Diamonds Overview

Smith C B,
Organization: The Australasian Institute of Mining and Metallurgy
Pages: 1
Publication Date: Jan 1, 1988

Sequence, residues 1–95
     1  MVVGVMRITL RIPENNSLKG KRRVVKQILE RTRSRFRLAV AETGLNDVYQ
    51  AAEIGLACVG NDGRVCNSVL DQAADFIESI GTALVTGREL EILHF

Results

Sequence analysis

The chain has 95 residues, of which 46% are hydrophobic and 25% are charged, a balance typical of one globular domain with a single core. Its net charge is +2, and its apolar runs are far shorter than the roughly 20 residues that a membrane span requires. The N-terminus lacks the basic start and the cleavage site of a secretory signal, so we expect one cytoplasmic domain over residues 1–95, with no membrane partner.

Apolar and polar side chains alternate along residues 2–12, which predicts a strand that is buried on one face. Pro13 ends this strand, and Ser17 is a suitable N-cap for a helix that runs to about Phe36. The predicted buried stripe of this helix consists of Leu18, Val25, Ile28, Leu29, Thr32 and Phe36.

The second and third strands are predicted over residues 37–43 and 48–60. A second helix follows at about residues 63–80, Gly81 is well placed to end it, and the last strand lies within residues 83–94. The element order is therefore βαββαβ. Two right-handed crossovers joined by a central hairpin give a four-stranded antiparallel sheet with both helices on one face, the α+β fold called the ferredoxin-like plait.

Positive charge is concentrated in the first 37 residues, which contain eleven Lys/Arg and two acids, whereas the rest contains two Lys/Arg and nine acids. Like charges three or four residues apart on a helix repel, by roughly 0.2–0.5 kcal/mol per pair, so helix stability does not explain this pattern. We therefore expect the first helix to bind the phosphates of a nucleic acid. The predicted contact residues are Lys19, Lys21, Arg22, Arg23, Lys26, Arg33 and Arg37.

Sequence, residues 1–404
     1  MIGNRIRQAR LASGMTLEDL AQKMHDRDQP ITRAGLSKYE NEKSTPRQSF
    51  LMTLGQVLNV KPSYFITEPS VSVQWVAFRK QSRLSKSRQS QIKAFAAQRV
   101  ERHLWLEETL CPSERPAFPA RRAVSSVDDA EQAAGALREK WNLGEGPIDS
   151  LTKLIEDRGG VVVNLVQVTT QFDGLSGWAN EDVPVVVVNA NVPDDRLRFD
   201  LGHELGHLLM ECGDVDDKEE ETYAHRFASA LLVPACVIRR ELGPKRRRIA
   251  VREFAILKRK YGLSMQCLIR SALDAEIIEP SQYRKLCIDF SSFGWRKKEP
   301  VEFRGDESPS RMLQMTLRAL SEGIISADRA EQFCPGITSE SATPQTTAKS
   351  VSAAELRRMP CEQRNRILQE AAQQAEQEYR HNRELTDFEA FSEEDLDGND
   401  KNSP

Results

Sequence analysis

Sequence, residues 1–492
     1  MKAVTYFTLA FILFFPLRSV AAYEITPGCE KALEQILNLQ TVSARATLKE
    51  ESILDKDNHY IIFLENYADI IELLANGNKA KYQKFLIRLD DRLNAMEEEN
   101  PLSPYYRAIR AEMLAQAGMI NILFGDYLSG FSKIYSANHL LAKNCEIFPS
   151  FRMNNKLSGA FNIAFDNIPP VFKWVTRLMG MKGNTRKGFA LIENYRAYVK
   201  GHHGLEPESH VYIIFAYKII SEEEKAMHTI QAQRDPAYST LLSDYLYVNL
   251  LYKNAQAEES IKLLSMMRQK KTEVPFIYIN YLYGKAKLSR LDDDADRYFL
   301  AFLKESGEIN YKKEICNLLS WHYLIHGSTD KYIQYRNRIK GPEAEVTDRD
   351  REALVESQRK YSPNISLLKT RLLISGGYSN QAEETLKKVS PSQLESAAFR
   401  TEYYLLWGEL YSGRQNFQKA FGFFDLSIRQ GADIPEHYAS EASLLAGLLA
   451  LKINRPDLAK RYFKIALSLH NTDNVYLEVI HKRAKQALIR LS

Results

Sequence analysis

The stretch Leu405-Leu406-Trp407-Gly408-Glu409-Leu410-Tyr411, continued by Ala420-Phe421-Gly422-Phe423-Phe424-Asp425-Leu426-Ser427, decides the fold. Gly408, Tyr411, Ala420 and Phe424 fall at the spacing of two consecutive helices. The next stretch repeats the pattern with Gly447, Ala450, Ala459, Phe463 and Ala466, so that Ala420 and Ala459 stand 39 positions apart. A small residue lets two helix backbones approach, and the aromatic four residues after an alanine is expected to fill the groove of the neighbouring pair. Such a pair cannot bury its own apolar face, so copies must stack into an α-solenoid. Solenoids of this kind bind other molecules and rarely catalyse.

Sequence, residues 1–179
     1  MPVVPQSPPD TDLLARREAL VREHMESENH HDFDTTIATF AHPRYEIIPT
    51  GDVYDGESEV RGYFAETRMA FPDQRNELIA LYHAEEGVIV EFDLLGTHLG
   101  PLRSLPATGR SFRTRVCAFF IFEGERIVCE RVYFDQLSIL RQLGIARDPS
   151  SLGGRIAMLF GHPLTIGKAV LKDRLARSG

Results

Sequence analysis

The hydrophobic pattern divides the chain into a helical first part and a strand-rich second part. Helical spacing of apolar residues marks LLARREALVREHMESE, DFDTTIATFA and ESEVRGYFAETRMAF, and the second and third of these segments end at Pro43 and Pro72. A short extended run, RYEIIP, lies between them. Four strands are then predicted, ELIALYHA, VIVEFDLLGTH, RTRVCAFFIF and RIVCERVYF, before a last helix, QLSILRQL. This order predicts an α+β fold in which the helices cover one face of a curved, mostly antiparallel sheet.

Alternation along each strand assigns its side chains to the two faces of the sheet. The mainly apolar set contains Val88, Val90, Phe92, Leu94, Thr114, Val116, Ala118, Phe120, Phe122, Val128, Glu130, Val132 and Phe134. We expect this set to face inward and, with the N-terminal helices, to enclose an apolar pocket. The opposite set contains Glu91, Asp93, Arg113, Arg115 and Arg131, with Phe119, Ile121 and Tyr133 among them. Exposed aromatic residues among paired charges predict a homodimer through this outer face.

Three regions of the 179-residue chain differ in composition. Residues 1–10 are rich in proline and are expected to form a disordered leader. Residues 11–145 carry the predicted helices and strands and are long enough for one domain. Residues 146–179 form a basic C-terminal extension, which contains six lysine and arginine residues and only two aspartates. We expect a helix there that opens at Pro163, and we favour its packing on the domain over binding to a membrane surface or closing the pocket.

Major diamond pipes discovered in Western Australia in the late-1970s exhibited a number of unique features that not only resulted in Australia becoming the largest diamond producer in the world in volume terms by 1986 but also changed geological thinking on the primary occurrence of diamond. They were: - lamproite is an alternative primary diamond host to kimberlite. - the extremely high mean grade of the Argyle lamproite pipe at 5 ct per tonne. - the tectonic setting of the lamproite pipes in mobile zones mar- ginal to the Kimberley Craton in contrast to the traditional African setting within stable cratons. Diamond was one of the earliest economic minerals discovered in Australia but 128 years elapsed between its first recognition and the first Australian economic pipe discovery (Argyle). During that period some 200,000 ct of alluvial diamonds were mined in Australia (mostly in New South Wales), but such alluvial output is insignificant on the world scene where annual production today runs at 95 million ct of natural stones some 76010 of which comes from primary pipe sources such as Argyle which alone produces 30 million ct per annum. Of particular significance therefore is the geological nature of the primary diamond source rocks in Australia. The Argyle and Ellendale Pipes are lamproites, differing from kimberlite in their mineralogy and geochemistry, and characterised by the presence of typical lamproite minerals such as leucite, priderite, potassic richterite, and the abnormally high content of chemical elements incompatible with ultramafic rocks. But not yet widely appreciated is that many other Australian olivine-rich lampro- phyres also contain diamond. Such picritic alkaline rocks can
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